housesitting


In the years before Dan and I were married, I housesat for a handful of families. They usually had dogs that needed company, but sometimes it was cats or plants.

I’ve never known anything as strange and intimate as housesitting. Other people trust you enough to inhabit their living space, with their spoons and pans and bedsheets and bath powder, and to live in it as if you were they. I try always to keep my presence quiet, minimizing the traces of my having been there, moving about in patterns the house will recognize. I don’t want to disturb the animals, although I never seem to love them in the right way. They’re usually relieved to see me go.

When you housesit, you’re not a guest; you’re supposed to pretend you’re the usual inhabitant. Yes, I always walk my dog in the snowdrifts at Sanctuary Woods. Yes, I always play Johnny Cash from the CD player in the corner of my kitchen when I bake chocolate cake. Yes, I wash my hair with sage-scented shampoo and drink carbonated water from my Soda Stream and watch indie films by Norwegian directors and sleep between luxurious sheets and bountiful pillows. Yes, I live here.

Living in someone else’s house heightens your awareness of furniture and artwork, doors and cookware. Someone has chosen each of these things, loves it and lives with it daily. William Morris, the textile and typeface designer, socialist, and writer of the Arts and Crafts movement, once said, “Have nothing in your houses that you do not know to be useful or believe to be beautiful.” I am sure that these homeowners follow that principle. I find myself noticing the paintings and photographs, wondering where this jar or that book came from, imagining that someday I’ll be able to fill my house with only things that are well-used or well-loved.

Inhabiting someone else’s space means using what they use, learning to love what they love. Part of this is cooking and eating according to their kitchen habits. Sometimes this serves only to frustrate: where do you keep your cheese grater? Other times, it offers a chance to learn something new, for instance, how to care for a cast iron pan. Occasionally, it introduces something destined to become a part of my life, such as this granola.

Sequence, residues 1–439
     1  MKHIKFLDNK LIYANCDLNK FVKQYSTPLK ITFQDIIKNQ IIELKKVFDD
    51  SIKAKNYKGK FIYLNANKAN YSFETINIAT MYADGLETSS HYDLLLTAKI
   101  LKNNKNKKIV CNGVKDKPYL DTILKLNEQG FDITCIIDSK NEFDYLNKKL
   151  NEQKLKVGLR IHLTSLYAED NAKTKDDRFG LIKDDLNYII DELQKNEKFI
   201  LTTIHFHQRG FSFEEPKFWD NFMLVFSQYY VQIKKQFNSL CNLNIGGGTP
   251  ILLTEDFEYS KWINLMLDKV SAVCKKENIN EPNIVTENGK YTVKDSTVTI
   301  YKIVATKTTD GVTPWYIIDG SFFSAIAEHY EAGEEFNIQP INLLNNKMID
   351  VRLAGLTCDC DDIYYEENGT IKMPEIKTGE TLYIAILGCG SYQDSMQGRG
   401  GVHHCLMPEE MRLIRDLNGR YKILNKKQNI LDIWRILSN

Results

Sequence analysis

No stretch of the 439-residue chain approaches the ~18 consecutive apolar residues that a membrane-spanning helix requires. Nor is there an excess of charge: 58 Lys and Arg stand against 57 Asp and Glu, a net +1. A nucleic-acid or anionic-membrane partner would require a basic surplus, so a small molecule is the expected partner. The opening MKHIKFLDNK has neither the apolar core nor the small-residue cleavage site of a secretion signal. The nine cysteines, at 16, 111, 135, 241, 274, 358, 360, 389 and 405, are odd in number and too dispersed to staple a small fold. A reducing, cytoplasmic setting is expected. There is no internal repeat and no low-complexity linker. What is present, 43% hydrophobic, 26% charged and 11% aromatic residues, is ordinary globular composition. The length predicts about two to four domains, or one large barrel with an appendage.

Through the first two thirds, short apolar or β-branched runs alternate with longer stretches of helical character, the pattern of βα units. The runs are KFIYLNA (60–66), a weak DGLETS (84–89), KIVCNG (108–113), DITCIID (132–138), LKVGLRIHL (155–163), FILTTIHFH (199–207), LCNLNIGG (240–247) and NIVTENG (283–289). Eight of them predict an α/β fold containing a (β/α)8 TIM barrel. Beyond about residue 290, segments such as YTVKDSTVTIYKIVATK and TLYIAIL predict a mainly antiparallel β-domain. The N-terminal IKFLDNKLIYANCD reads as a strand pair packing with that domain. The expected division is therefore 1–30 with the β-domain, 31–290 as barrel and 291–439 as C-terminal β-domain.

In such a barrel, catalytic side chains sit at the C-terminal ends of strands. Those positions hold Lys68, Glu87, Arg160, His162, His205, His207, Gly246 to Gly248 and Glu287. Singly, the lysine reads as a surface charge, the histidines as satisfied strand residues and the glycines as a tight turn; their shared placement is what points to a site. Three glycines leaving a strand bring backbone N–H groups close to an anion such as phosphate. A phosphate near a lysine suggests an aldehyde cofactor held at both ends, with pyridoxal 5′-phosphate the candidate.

I discovered this nutty granola in a jar on the counter of Jackie and John’s house while staying with their dalmatians Gunnar and Gracie. The first time I noticed it was in the afternoon, when I had arrived home after work. I scooped a spoonful into a shallow bowl and leaned against the sink and ate, while the dogs whined for their dinner. Then I scooped a little more, and before I knew it, I’d eaten four bowlfuls. Luckily, Jackie and John kept the recipe taped to the refrigerator.

John passed away last December, after a short but terrible battle with cancer. It’s the same cancer that our beloved seminary professor has just been diagnosed with and that my grandma’s sister died from a few years ago. It’s not a kind cancer.

Now, I make the granola at home almost once a month. It used to remind me of sitting with Gunnar and Gracie and living in the yellow house with the wild front garden, but now it reminds me of John and makes me ache for Jackie and prompts me to pray.

John’s Pretty Good Granola

with a few adjustments

8 cups rolled oats (not quick oats)
1 1/2 cups unsweetened flaked coconut
1 cup All-Bran cereal
1 cup unsalted peanuts
1/2 cup flaxseed
1 cup wheat germ
1 cup sunflower seed kernels
1-2 cups mixed chopped nuts (pecans, walnuts, almonds, etc.)
2 Tbsp. ground cinnamon
2/3 cup canola or vegetable oil
1 cup peanut butter
1/2 cup honey
2 cups raisins, dried cherries, other dried fruit (optional)

Preheat oven to 350ºF.

Mix dry ingredients (all but oil, peanut butter, and honey) in the biggest bowl you have. Spread across two 9×13 cookie sheets with sides or two 9×13 pans. Stir 1/3 cup oil into the granola mixture on each pan.

Bake for at least 45 minutes, stirring and rotating the pans every 15 minutes.

Remove the pans from the oven, add 1/2 cup peanut butter to each pan, and stir thoroughly. Then add 1/4 cup honey to each sheet and mix well.

If you’d like, stir in the dried fruit. Cherries and golden raisins are my favorites. The granola keeps on the counter for about a week, and for a month in the refrigerator.

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3 thoughts on “housesitting

  1. Granola is a wonderful sacramental avenue into prayer: life can be richer for all the “crap” in it, as long as we take time to savor its sweetness and saltiness all together with a grateful palate. Thank you for your thoughts, and this delicious-looking recipe.

  2. Pingback: vocational schizophrenia | Forsythia Root

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